Her rich and elegantly told tale is packed with inspired characters — like Severo, the iron-fisted mayordomo, one step ahead of everyone else but smitten and conquered by Ana's mettle — and deftly-chosen details, like this description of Ana's first glimpse of Hacienda Los Gemelos:
"One minute they were in the forest and the next they emerged into an open valley in many shades of green, from pale, almost yellow to olive. Grayish lavender tassels rippled over some fields." "'That's the guajana,' Severo said, 'the cane flower that indicates when the stalks are ready for harvest.'
"In the far distance, soft-edged mountains stretched west to east. What land wasn't under cultivation was forested. Scattered over the valley, smokestacks pointed to the sky from the surrounding green."
Through the story of the flawed but heroic Ana, a character that the New York Daily News calls a Spanish Scarlett O'Hara, Santiago chronicles the history of Puerto Rico's conquest years when slave revolts, hurricanes and a cholera epidemic challenged all romantic illusions of turning a ramshackle farm into a wealthy sugarcane plantation. Santiago deals with issues of race, social status and sexuality without delivering easy judgments, and although the details of sugar production can be tedious, readers are rewarded with a greater understanding of the complexities of the times.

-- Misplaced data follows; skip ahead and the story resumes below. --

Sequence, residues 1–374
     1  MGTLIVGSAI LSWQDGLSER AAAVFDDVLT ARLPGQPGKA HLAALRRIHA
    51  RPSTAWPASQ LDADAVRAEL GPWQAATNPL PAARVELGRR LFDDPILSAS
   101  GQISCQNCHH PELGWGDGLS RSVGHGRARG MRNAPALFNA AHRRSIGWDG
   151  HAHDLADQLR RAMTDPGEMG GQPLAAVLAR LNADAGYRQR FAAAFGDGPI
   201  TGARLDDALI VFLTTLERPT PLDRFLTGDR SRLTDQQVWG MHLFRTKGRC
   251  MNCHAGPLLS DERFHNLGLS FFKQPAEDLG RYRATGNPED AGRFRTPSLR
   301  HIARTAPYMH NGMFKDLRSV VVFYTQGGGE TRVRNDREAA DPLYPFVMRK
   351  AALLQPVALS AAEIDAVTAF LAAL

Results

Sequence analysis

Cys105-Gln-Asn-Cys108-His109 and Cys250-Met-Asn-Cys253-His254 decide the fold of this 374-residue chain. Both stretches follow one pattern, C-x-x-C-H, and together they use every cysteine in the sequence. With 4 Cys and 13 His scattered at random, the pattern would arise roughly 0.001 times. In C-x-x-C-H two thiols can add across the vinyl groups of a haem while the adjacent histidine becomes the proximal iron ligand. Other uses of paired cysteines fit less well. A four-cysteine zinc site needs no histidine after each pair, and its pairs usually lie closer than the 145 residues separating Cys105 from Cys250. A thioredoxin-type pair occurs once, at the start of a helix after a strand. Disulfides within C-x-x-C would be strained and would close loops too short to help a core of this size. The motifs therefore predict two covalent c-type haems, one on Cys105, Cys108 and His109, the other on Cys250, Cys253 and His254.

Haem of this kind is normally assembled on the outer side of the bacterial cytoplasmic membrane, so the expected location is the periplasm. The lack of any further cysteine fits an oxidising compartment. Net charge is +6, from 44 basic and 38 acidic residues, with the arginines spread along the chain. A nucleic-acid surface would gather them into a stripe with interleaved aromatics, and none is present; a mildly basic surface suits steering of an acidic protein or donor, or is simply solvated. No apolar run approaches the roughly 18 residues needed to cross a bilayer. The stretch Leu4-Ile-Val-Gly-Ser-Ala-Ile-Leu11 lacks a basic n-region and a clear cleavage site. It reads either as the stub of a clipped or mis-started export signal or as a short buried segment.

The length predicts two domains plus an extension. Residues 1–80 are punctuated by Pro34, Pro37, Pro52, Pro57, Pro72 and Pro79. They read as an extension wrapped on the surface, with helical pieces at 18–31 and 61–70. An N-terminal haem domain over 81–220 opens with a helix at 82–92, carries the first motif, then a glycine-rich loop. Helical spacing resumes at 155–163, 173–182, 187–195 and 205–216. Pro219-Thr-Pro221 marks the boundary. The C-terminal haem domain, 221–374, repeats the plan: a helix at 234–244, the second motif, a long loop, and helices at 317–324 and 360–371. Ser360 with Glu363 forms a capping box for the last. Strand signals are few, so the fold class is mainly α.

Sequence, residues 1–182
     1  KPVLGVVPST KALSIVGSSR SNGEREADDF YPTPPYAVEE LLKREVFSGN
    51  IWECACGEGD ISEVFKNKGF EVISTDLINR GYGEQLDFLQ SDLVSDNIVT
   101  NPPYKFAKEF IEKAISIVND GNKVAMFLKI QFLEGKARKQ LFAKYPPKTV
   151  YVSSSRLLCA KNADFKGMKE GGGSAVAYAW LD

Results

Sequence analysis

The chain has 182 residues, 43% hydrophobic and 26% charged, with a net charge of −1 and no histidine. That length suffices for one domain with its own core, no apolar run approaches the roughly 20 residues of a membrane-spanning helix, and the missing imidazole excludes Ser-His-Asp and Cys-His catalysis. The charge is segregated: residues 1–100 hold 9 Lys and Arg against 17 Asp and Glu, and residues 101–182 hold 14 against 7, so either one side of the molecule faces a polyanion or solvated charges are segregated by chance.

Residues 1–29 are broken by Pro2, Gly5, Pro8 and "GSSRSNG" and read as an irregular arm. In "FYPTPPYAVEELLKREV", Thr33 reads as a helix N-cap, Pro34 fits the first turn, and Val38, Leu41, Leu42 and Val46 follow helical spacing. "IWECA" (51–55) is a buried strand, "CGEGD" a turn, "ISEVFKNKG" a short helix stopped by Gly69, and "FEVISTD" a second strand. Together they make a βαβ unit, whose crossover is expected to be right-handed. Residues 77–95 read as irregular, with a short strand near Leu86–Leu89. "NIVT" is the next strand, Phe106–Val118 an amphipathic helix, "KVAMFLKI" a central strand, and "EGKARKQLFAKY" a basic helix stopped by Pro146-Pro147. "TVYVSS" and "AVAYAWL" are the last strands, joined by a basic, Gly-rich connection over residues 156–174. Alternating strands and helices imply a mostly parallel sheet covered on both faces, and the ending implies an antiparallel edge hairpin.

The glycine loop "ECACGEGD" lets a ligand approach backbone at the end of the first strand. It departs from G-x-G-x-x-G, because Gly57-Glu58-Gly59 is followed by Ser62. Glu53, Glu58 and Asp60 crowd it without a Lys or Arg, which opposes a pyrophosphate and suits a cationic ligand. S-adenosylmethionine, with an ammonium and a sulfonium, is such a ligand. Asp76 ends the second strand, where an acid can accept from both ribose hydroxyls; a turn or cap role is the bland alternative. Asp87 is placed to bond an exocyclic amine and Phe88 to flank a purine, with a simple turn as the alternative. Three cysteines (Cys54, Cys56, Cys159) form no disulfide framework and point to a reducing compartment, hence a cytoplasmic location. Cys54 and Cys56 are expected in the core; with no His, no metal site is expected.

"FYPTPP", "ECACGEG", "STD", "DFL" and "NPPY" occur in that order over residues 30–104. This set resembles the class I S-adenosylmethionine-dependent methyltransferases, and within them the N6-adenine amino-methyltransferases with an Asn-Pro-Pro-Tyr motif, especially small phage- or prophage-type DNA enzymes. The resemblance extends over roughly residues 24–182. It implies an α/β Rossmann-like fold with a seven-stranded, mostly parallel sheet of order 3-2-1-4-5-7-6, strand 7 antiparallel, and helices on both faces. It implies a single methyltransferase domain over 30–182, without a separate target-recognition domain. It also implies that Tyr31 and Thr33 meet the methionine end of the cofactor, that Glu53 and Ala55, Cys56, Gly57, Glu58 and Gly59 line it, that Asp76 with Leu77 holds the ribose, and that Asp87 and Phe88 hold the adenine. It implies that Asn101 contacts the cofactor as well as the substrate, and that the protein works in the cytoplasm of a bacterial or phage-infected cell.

Ana perseveres through the tragedies, taking charge and negotiating even the custody of her only son to stay in the land she loves. She loses plenty, and she loves even more. At the end, only the land doesn't disappoint, and one can feel Esmeralda Santiago's own attachment to her native soil when she writes of Ana: "Long before she reached it, she knew she'd love this land, would love it as long as she lived."
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